• POOL, Issue No. 07: Float
    Hannah Hortick, Akana Jayewardene, Casey Knudsen, Erica Luedtke, Ethan Ma, Manos Proussaloglou, Samantha Radice, Sunay Rajbhandari, Christina Rodriguez, and Phoebe Webster
    University of California, Los Angeles, 2022
    University of California, Los Angeles-Department of Architecture and Urban Design

Arsenios Zachariadis and Despoina Zachariadou, "Aether," 2020. Courtesy POOL

POOL is driven by an interest in an expanding definition of architectural work that, in a culture of high volume content exchange, considers curation as a primary form of cultural production. Following this, the creators contend that the syllabus, the archive, and the aggregator are all valid forms of architectural work that are welcomed and encouraged within the publication. POOL is a site of this type of work, experimenting with interfaces between its three primary platforms: event, digital, and print. Events and ongoing digital publication act not only as productive indicators of relevant themes, but also feed into an annual print edition. After the success of the first five issues, POOL: Table; POOL: Rules; POOL: Party; POOL: NostalgiaPOOL: Simulation; and POOL: Plant; POOL: Issue No. 7 arrives June 2022.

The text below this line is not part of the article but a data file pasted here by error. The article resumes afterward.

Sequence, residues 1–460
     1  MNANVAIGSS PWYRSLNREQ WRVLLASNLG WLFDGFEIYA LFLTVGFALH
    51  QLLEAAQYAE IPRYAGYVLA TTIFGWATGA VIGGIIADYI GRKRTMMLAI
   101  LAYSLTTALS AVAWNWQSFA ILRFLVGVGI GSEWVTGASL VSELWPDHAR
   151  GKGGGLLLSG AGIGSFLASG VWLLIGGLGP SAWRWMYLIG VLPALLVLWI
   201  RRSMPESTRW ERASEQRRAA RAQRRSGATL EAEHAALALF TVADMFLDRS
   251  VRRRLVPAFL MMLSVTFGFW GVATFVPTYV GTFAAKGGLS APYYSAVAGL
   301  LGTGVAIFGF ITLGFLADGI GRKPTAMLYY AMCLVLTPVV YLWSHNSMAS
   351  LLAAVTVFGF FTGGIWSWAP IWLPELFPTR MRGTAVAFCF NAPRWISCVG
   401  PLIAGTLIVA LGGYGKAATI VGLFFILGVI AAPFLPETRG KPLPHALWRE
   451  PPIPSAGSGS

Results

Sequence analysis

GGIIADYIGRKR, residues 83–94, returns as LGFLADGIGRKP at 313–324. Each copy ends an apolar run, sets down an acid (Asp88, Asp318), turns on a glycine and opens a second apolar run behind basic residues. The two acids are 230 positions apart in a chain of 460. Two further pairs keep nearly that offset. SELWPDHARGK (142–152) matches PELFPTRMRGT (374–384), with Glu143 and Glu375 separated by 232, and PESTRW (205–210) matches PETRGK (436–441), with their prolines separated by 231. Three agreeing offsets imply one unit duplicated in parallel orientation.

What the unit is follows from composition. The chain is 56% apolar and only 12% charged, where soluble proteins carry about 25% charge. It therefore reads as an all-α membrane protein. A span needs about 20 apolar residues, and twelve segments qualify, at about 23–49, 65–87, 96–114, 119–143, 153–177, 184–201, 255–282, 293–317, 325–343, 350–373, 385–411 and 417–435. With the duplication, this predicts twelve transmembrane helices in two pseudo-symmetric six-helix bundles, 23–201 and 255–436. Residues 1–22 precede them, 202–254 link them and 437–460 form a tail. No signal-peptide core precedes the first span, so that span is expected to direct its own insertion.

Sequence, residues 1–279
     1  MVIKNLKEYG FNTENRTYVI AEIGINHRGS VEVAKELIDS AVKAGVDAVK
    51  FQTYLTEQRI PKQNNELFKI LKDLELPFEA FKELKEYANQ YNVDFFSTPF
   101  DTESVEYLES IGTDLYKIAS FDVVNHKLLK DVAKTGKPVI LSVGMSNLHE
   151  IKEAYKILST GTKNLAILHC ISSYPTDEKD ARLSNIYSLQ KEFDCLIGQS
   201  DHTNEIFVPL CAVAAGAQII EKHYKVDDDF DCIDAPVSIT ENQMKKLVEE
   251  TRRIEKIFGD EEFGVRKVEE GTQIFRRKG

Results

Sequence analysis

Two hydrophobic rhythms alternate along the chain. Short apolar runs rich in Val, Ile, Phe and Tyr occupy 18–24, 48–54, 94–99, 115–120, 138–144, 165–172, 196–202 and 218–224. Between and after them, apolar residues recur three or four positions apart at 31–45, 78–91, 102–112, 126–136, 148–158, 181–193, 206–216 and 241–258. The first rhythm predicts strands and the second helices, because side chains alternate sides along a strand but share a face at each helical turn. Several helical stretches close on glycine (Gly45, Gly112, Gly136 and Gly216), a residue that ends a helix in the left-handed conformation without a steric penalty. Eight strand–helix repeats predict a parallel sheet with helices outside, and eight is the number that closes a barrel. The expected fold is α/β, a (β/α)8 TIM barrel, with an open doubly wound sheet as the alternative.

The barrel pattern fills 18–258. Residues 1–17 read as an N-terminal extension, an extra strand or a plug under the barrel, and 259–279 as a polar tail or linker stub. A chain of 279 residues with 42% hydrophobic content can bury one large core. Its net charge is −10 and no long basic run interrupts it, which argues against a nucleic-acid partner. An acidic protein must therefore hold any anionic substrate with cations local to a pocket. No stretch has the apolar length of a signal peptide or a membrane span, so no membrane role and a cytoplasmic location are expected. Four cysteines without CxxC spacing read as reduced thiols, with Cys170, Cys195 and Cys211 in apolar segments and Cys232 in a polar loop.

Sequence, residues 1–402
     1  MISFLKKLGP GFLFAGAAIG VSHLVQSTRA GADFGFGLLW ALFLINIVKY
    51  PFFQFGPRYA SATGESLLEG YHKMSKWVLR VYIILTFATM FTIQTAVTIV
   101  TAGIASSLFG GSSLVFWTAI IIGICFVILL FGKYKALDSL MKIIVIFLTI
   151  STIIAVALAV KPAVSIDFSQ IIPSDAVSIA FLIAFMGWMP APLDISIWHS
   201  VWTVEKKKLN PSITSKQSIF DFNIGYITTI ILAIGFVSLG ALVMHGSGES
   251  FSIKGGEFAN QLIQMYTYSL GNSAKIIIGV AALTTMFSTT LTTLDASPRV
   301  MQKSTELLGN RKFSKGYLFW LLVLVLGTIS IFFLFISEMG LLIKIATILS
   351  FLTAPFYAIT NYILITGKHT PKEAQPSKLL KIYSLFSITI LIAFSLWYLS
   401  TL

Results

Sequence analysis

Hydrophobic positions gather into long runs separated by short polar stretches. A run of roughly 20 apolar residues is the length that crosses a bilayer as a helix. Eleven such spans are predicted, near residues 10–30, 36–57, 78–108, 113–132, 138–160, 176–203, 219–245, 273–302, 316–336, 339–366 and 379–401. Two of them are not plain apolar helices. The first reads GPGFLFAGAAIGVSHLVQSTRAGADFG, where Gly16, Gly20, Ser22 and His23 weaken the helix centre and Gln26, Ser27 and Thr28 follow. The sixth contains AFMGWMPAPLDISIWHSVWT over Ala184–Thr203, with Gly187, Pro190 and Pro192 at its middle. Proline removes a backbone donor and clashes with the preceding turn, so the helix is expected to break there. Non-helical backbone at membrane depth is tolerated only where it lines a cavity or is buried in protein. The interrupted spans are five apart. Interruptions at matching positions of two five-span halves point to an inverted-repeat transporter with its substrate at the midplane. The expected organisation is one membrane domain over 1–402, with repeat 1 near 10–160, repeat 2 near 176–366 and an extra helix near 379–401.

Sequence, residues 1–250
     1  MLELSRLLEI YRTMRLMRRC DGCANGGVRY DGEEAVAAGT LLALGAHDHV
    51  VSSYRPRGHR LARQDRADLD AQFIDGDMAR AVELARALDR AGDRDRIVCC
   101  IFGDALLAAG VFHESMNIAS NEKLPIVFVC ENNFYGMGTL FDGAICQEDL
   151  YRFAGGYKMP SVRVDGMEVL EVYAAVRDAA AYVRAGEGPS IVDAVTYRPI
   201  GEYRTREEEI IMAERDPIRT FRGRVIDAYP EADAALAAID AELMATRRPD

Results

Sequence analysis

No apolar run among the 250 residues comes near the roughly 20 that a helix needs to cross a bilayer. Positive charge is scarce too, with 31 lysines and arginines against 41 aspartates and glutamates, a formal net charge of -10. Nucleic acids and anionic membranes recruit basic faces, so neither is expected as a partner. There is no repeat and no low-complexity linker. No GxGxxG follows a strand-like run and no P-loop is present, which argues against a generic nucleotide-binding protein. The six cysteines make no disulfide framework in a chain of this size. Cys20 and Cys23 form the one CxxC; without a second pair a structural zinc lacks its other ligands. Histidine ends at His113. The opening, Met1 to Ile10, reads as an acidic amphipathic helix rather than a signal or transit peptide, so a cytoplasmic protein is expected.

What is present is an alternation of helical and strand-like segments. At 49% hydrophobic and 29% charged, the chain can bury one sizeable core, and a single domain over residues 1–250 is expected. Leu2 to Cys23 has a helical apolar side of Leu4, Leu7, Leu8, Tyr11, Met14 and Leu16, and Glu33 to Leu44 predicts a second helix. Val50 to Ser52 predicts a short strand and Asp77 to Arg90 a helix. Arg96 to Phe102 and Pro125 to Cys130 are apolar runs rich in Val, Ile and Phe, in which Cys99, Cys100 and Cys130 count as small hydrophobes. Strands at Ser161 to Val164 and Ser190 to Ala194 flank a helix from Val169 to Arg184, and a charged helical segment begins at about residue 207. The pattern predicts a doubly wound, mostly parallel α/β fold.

POOL is curated by a dedicated team of student volunteers from University of California, Los Angeles (UCLA)'s Architecture and Urban Design Graduate Program. From design to content to distribution, POOL's digital content and print editions are produced entirely in-house by an editorial team of 10–15 graduate students. POOL takes advantage of its position within the institution to both reflect and challenge UCLA’s culture, notable for its ability to reformulate the ways in which design, theoretical discourse, and technology interact.

Founded in 2015, POOL is the student publication of the Department of Architecture & Urban Design at the University of California, Los Angeles.

The University of California Los Angeles (UCLA) Architecture and Urban Design's department is a champion of ideas and their articulate expression. Faculty teach students to engage the world around them, to see ideas as productive forms of response, and to leverage design and writing as expressions of newly curated perspectives. These ideas are grounded in a critical engagement with the history and theory of architecture and the future contingencies of contemporary culture. Through rigorous inquiry, the curriculum interrogates contemporary urban issues and propose possible futures with equal measures of expertise, optimism, and vision.